A Clever Woman's Fleet Marriage

Before the Hardwick Marriage Act of 1753, it was much simpler to get married in England. All you needed was a compliant clergyman. Many of these irregular or clandestine marriages were conducted in or near the Fleet prison, to which debtors were consigned, because it was not actually part of any parish in London. Clergymen who had no living of their own, and thus no regular income, could be found in that vicinity for couples who wished speed or secrecy. 

The 1753 Marriage Act protected heiresses, who could no longer be carried off and married by scoundrels who wanted their money. It  was not any protection for the poor, since it simply made marriage more expensive.

In 1833, John Southerden Burns published a study of the Fleet registers, in which many decades of irregular marriages had been recorded. He listed a number of reasons why people chose a Fleet marriage, including this one:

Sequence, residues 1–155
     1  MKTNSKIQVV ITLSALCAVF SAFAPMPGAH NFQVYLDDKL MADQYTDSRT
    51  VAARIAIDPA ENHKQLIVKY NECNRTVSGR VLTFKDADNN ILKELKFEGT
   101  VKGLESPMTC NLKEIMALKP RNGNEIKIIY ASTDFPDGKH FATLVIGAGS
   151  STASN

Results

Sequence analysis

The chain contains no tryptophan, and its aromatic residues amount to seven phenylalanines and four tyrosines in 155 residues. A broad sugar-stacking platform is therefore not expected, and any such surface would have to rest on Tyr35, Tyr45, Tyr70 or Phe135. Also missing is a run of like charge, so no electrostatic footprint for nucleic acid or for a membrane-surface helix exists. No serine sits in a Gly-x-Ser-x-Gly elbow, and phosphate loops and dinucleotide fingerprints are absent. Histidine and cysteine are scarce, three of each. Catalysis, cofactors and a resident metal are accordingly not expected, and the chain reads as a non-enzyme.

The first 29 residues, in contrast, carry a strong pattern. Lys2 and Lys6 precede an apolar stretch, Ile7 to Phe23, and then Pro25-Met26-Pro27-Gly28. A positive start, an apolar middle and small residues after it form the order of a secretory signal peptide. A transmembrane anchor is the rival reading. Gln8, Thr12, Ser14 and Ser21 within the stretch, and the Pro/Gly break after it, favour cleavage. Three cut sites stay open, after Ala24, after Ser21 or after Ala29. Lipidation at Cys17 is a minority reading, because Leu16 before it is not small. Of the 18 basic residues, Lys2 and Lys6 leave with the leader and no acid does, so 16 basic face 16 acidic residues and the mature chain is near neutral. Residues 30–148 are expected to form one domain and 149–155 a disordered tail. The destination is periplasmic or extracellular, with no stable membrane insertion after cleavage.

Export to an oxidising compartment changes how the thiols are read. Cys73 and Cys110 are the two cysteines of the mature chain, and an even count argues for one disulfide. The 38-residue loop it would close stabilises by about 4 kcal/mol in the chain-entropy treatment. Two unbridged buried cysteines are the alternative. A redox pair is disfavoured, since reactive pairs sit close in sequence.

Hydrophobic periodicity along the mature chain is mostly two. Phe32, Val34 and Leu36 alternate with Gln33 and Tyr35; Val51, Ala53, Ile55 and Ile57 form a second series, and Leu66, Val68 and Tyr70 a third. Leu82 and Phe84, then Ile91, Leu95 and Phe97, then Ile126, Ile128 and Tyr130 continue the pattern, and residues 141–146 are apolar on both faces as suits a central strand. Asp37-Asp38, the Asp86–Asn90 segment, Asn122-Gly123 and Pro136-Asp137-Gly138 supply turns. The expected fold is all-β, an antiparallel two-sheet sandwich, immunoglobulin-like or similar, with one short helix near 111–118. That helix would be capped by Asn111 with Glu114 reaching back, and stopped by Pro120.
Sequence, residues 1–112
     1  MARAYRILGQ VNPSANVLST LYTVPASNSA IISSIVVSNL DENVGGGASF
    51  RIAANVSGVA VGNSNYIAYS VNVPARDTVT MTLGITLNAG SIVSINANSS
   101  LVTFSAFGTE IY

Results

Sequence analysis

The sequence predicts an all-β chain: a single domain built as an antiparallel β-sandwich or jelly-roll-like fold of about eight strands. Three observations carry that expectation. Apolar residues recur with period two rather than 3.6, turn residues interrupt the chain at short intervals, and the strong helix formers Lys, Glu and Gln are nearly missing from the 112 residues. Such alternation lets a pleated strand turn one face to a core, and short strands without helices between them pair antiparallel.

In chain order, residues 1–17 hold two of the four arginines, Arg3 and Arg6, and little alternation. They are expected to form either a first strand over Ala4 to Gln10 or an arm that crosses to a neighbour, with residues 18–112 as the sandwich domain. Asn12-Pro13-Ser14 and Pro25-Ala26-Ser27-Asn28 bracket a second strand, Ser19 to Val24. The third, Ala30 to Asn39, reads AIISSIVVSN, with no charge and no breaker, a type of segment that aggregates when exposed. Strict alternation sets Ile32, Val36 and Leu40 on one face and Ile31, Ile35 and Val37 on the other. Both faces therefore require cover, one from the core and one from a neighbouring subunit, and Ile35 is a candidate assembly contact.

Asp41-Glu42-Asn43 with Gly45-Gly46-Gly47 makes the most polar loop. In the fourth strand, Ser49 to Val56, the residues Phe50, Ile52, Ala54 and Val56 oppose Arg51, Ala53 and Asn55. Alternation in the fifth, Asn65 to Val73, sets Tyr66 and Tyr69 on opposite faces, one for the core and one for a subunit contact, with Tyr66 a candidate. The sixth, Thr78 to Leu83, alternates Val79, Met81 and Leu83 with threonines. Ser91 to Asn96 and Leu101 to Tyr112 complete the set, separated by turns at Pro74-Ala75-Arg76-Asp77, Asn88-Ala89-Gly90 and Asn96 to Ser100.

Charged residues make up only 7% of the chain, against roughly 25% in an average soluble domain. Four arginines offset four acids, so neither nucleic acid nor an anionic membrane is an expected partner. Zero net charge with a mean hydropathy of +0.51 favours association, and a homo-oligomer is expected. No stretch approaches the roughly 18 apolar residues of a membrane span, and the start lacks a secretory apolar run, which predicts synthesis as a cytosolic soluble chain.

“When a woman desired to get rid of her debts by marriage, yet shrank from putting herself into the power of some low ruffian. In the case of one Deborah Nolan the bridegroom was a woman dressed as a man, and calling himself John Ferren, Gentleman. Of course the creditors might look for John Ferren, Gentleman, as long as they pleased.”

There is definitely a novel in that little entry.

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